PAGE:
Responses to graphic horror films have been shown to be modified by a number of personality variables, and in particular, by gender-specific rules for social conduct. In earlier horror research it has been assumed that gender-specific responses are largely determined by biological gender. More recent research has focused on psychological patterns of gender identity that often transcend biological gender lines. This investigation sought clarification by examining the impact of individuals' self-perceived gender role and other personality characteristics on affective responses to horror. Subjects' perceptions of how same- and opposite-gender peers would respond to such materials were also assessed. Consistent with theoretical expectations, the findings revealed strong effects on the estimation of opposite-gender target's reactions as a function of both the rater's gender role characteristics and biological gender. Other personality factors were found to influence responses to horror only marginally, however. The results are discussed in terms of the gender role socialization model of affect.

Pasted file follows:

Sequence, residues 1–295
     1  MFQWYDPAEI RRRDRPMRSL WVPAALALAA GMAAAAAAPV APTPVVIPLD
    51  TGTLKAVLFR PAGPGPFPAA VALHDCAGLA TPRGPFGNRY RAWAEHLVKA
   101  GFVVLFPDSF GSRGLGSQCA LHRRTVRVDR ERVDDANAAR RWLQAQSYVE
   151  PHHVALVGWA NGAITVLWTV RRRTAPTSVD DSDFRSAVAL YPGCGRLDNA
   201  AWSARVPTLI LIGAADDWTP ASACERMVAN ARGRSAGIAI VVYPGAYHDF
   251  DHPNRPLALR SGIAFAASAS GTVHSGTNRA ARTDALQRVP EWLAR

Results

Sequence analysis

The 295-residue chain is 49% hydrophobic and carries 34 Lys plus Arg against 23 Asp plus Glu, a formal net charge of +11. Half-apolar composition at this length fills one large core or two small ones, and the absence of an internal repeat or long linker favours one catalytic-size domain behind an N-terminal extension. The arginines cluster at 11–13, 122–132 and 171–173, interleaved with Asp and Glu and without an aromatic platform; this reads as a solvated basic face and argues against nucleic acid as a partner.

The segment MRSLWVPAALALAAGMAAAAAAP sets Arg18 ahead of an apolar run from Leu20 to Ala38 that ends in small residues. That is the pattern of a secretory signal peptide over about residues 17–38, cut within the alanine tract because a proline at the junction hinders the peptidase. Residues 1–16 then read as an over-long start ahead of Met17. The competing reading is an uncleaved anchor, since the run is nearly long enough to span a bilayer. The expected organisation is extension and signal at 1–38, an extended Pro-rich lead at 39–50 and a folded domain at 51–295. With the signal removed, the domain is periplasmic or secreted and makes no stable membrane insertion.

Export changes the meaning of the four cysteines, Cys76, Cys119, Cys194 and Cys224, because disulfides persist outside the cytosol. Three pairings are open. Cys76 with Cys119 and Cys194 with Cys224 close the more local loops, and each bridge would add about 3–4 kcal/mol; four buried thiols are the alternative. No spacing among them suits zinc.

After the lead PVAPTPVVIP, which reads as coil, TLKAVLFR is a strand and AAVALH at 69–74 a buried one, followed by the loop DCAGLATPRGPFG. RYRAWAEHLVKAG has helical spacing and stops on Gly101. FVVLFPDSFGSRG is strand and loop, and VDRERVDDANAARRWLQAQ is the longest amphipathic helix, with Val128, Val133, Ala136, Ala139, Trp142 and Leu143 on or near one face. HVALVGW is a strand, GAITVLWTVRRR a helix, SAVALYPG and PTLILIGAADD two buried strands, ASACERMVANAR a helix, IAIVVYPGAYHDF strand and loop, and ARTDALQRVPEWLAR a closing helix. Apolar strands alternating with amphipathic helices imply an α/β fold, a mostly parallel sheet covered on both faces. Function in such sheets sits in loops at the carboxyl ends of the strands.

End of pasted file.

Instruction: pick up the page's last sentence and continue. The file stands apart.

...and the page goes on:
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Mundorf, N., Weaver, J. & Zillmann, D. Effects of gender roles and self perceptions on affective reactions to horror films. Sex Roles 20, 655–673 (1989). https://doi.org/10.1007/BF00288078
- Gender Role
- Gender Identity
- Personality Factor
- Affective Response